Chewy noodles, smoky pork, crisp greens, crunchy croutons and refreshing bean sprouts: it may sound like an odd medley, but together these ingredients compose one of Vietnam's most iconic dishes, also its most mysterious. The dish is called cao lau, and it hails from Hoi An, a town in central Vietnam.
Hoi An is a special place for many reasons. An important port from the 15th to the 19th century, Hoi An was a critical center of trade for Vietnam and became home, temporary or permanent, to foreigners from all over, most importantly the Chinese and Japanese. From Chinese temples and pagodas, to the iconic Japanese covered bridge, influences from Hoi An's trading days are still visible everywhere in town, and the French colonial architecture added to the mix makes Hoi An effortlessly charming. The town retained much of its old-world character by a turn of bad luck when the Thu Bon river silted up, preventing ships from docking there and essentially halting all commerce and development, and then a turn of good luck when the tourism industry revived the town in the early 1990s. Hoi An was declared a UNESCO world heritage site in 1999, and today it is a flourishing tourist center. Mustard yellow colonial buildings with vine covered terraces line dusty streets, and lanterns light up the old city at night. The delightful atmosphere alone makes Hoi An worth the visit, but perhaps the best reason to visit Hoi An is the food.
Because of all the international influences, Hoi An is something of a melting pot when it comes to cuisine. All of Vietnam can make the same claim, but Hoi An, a small city of only 120,000 people, is a concentrated mecca of international and homegrown flavors. From the lively street food scene to the renowned restaurants, there is no shortage of places and ways to eat in Hoi An -- at all hours of the day. The central market is at its busiest before 7 a.m., when locals can be found slurping noodle soups and doing their daily food shopping. And the city comes alive at night when the temperature cools and the night market wakes up. Hoi An is also home to a few specialty dishes that are unique to the city. There's com ga: a chicken and rice dish in which the rice is cooked in chicken broth and topped with shredded chicken, coriander and onions. There's white rose dumplings: shrimp and pork dumplings topped with crispy garlic. And then there's cao lau -- Hoi An's signature noodle dish.
Cao lau consists of thick rice noodles, pieces of barbecued pork, greens and crunchy croutons. The pork is sliced thin and cooked in the traditional Chinese method known as char siu. In addition to adding greens on top of the dish, it's also common to add bean sprouts, which together with the greens adds a burst of freshness and crisp texture to the chewy noodles and meaty pork.The final touch is the crunch of the croutons, which are made from dried cao lau noodles.
The cao lau noodles are the star of the show and the ingredient that makes this dish unique to Hoi An. While the exact recipe is known only to a few people, the tale behind the noodles is legendary. First, cao lau noodles are said to be made using only water from one ancient well in Hoi An called Ba Le well. The well is surprisingly unmarked in a town that depends on tourism and would undoubtedly profit on making it a better-known stop on the tourist circuit. Tucked inconspicuously in an alley, however, wedged right up against a house, the well looks like nothing special and could be easily missed if you're not looking for it. This obscurity makes the well all the more mystical, adding to the esoteric quality of the noodles made with its water.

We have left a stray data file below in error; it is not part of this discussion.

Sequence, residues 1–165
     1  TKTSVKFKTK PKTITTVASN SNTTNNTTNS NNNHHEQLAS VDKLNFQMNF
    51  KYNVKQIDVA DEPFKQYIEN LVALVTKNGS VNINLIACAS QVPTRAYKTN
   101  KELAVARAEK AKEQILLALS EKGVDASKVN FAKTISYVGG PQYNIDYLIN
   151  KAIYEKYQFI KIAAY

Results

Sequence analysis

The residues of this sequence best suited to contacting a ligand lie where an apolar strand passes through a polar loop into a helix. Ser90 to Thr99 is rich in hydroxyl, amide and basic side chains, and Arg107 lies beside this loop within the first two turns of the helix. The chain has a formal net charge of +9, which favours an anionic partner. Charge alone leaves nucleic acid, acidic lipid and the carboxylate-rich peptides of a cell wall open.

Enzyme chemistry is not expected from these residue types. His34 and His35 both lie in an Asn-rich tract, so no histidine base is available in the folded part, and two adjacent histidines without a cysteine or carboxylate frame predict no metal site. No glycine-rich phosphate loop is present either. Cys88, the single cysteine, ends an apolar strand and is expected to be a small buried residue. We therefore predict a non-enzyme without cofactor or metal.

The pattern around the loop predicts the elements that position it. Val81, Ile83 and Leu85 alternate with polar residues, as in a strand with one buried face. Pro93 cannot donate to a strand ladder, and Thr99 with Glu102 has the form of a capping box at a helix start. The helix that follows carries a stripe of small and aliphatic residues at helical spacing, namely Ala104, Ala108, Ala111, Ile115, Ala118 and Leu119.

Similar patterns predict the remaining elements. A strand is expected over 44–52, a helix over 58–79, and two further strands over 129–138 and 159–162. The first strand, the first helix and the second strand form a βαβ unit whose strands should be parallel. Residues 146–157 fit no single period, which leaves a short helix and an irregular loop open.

In addition to the water for cao lau noodles supposedly coming from this one, special well, the water is also supposed to be mixed with a specific type of ash to create a lye solution. The ash is said to come from a type of tree found on the Cham islands, which are off the coast of Hoi An.
The precise process of making cao lau noodles also sets them apart. The recipe is a secret, known only to a few families in Hoi An. More and more people are trying to get their hands on the recipe, of course, and in 2012 writer David Farley for AFAR magazine ventured to Hoi An to get to the bottom of it. While he was allowed to watch the noodle-making process by one family, he didn't walk away with the recipe, which is still largely protected -- at least enough to keep the noodles a unique specialty that you can't easily find outside of Hoi An.
What Farley did find out is that the noodles are steamed, not boiled, like most noodles. And while the family that Farley visited used to make the noodles with water exclusively from the Ba Le well, they now use water from a well they dug themselves next to their house. A family member also told Farley that for the lye solution, they use ash from local wood, not wood from the Cham islands. Whether or not cao lau is made with water from the Ba La well and ash from the Cham islands these days is besides the point, however. The dish is still a local a speciality made using local ingredients, and it's absolutely worth traveling for. The combination of textures, like the legends behind each ingredient, come together to create a beguiling whole.
On top of it all, cao lau's origin is still unknown. Some speculate that the noodles, because of their heft and thickness, were inspired by Japanese soba noodles, while the char siu pork, on the other hand, indicates the dish might have Chinese origins. With its murky, mixed roots, legendary ingredients and guarded family recipe, cao lau is truly one-of-a-kind, just like its home town.